Portland-based accounting firm BerryDunn is growing quickly as it adds and expands services such as company valuation, succession planning and government consulting work.
The 40-year-old company has hired 24 new employees in the past year, a growth spurt of about 10 percent, said Cheryl Bascomb, BerryDunn’s marketing director.
Half of the new hires work in government consulting, which involves working with state agencies to comply with regulations, improve efficiency and maximize investments in technology. The company also has a special unit that provides consulting services to Medicaid providers.
Indiana-based industry publication Inside Public Accounting ranked BerryDunn No. 3 on its 2014 list of the fastest-growing U.S. accounting firms, with year-over-year revenue growth of 17 percent.
Unlike some other firms, BerryDunn’s growth has been entirely from within, Bascomb said.
“We haven’t done it by acquiring firms,” she said.
BerryDunn has 252 employees, most of them in Maine, New Hampshire and West Virginia, Bascomb said. Revenue for its 2014 fiscal year, which ended June 30, was $51.7 million, she said.
Three factors have led to BerryDunn’s recent growth, Bascomb said.
The company has a high rate of client retention, and the clients themselves have grown, she said. Those factors, in addition to BerryDunn’s fast-growing tax planning and government consulting business, contributed greatly to the revenue boost.
One high-profile government consulting job the company worked on was an analysis of the state of Maryland’s health care exchange under the Affordable Care Act before it launched in fall 2013.
BerryDunn’s consultants warned of problems with the Maryland Health Connections website. State officials ignored the warnings, and the website later turned out to be so deeply flawed that it had to be scrapped and rebuilt. Just this week, an investigation was launched into allegations of fraud in connection with the site’s development.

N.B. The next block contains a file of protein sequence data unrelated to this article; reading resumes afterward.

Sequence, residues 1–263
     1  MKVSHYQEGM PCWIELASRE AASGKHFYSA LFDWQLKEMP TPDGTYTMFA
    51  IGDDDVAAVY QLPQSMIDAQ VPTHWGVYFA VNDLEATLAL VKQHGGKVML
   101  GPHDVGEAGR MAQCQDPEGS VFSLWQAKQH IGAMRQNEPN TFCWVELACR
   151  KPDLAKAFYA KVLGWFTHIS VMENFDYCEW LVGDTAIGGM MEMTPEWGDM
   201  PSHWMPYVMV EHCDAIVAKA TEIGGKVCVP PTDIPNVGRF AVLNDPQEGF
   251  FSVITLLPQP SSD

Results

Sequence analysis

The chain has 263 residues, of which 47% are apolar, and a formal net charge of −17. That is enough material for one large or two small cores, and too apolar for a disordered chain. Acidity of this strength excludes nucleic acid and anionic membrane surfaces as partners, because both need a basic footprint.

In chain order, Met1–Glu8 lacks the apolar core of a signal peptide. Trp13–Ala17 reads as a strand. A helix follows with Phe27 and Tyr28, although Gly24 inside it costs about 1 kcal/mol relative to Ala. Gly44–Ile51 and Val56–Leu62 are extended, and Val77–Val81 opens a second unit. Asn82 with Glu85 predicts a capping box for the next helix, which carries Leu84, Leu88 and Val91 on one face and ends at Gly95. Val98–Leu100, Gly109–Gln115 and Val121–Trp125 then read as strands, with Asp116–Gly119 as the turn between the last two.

“One of the key things with our consultants is they are objective, and they are going to tell you if something doesn’t look good,” Bascomb said.
Other areas of growth include business valuation, which involves determining the total monetary worth of a business; and succession planning, the process of preparing a company for a change in its top management.
The qualities that make a good accountant are attention to detail and, contrary to the stereotype, the personality to communicate well with others, Bascomb said.
“They have to be good at working with people,” she said.
The company has beefed up its management staff with a series of promotions over the past year. A total of 25 employees at its offices in Portland, Bangor, Boston and Manchester, New Hampshire, have received promotions.
It has not been difficult to find qualified job candidates in New England, Bascomb said. The accounting industry has recovered from a dark period, following the 2002 downfall of Enron accounting firm Arthur Andersen, in which fewer college students sought to enter the profession.
Now, many students are becoming certified public accountants, and BerryDunn has established relationships with colleges and universities in the region to connect with recent graduates, Bascomb said.
“Qualified candidates for what we do are definitely here,” she said.